Although those complaints had been made to the police of the City of Philadelphia, no suspicion was directed toward the plaintiff until about March 9 or 10, 1941, when a Mr. Potts, a Philadelphia employee of the American Express Company, came to Lieutenant John T. Murphy of the Philadelphia Detective Bureau and gave him a photograph of the plaintiff previously taken in Washington. Potts then told Murphy that his company had information that plaintiff might be the girl who passed the money orders. Then on March 12, 1941, Murphy received a call from Superintendent LeStrange of the Upper Darby police who said that he had received a telegram from the American Express Company advising him that plaintiff would appear in the Baltimore Police District and that she might be the person who passed the checks. Murphy communicated this information to Potts who said he would contact his superior, Mr. Bulger, in New York. Potts later returned to Murphy, told the latter that he had contacted Bulger, suggested that a warrant be obtained, and that a telegram should be sent to the Police Department of Baltimore requesting them to arrest plaintiff. This was done. Potts then later said that Bulger would like to accompany the detectives to baltimore to apprehend plaintiff and that Bulger agreed to pay the expenses. Lieutenant Murphy had stated that the City of Philadelphia "does not defray expenses in private prosecutions."

Murphy directed one of his detectives, Francis J. Galen, and a female employee of the police department to go to Baltimore with Bulger. At Baltimore they met plaintiff who had been apprehended by the police of that city as a result of the telegram and Bulger requested that she permit a search of her belongings. She readily acquiesced and when informed that she was charged with fraudulently passing a money order in Philadelphia, waived extradition, denied the charge, and agreed to return voluntarily. All her belongings were packed and brought back with her. Bulger, who claimed forty years experience in such matters, questioned her during the return journey. She again denied knowing anything about any money orders. She gave him a detailed statement as to her movements during the period in which the money orders were negotiated, the names and addresses of people who could prove her innocence, and denied ever being in any of the cities where the money orders were negotiated except Philadelphia on one occasion in 1940.

Upon her arrival in Philadelphia she was lodged in a city hall cell room. Bulger again questioned her for three hours.

The Philadelphia victims were sent for so that they might be able to identify her. All her clothing and property were searched by the witnesses to ascertain whether any of the articles which had been purchased was among them, but nothing was identified. On March 14, 1941, nine or ten possible witnesses together with Bulger were present. The witnesses' personal concern was evidenced by their asking who was going to pay them for their loss of $45. Although they had sustained the loss two months prior thereto, the American Express Company had not yet reimbursed them. Bulger then promised them that they would all be paid.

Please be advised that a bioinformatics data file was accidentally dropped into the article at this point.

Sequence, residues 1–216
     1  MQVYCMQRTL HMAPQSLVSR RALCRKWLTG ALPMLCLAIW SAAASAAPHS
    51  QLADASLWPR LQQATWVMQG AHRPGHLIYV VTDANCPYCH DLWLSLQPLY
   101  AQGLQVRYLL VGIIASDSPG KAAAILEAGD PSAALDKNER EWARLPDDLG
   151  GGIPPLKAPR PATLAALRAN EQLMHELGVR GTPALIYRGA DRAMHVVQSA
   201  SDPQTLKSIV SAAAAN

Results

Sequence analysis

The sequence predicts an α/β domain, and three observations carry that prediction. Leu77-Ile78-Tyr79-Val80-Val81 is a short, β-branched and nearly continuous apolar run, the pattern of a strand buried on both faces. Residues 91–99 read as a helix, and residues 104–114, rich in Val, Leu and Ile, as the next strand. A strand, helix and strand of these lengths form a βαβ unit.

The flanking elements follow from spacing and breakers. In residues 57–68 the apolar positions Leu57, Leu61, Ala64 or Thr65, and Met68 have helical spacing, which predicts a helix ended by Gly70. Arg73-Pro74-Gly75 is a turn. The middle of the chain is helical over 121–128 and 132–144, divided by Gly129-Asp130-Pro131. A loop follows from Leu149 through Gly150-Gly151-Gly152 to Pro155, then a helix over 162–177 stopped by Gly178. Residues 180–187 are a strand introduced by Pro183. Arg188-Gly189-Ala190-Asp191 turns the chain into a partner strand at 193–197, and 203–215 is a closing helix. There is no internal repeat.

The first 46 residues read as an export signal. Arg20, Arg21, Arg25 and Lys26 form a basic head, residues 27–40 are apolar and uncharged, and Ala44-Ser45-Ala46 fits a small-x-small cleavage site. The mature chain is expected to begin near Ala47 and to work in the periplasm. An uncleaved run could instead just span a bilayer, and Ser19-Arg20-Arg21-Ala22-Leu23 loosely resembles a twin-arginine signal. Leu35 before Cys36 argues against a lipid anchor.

There was no line-up. Outside of a few detectives and the witnesses, plaintiff was the only girl in the room. Even so, five or six witnesses said she was not the guilty person. All the rest at first seemed doubtful. Mr. Goodman first said she was not the girl, then changed his mind after a discussion with his wife in the hallway and when they came back, both identified her. Miss Goralick first "hedged on the identification" then finally said she was the girl. Miss Goldstein, who was with Miss Goralick at the time the money order was passed, said she could not identify plaintiff. Miss Steiniger, who at first seemed uncertain, after a twenty minute pause finally identified her. A Mr. Everett first identified her and then definitely stated she was not the woman.

On March 14, 1941, Lieutenant Murphy, who was still in charge of the case, said to Bulger, "I think you have the wrong girl." Bulger responded, "I know I got the right girl because I have proof." Plaintiff was arraigned before a magistrate on March 17, 1941, when a further hearing was requested for investigation.

In the meantime Lieutenant Murphy caused a check to be made of the statements given to him by the plaintiff. She was questioned about eight hours a day from March 13 until March 25. She stated that she was not out of the City of Washington between late November, 1940, and January, 1941; that she had been in Philadelphia only once in her life; and told of a visit to her mother in Everett, Pennsylvania, subsequent to January 25, 1941. She referred the police to the persons with whom, and the address at which, she lived. The official police investigation corroborated plaintiff's story in every detail. Just prior to the further hearing on March 25, 1941, and as a result of an intense official investigation, Detective Galen told Mr. Collins, who together with Bulger conducted the case for the American Express Company, that plaintiff was innocent and she should not be prosecuted. Bulger insisted that ...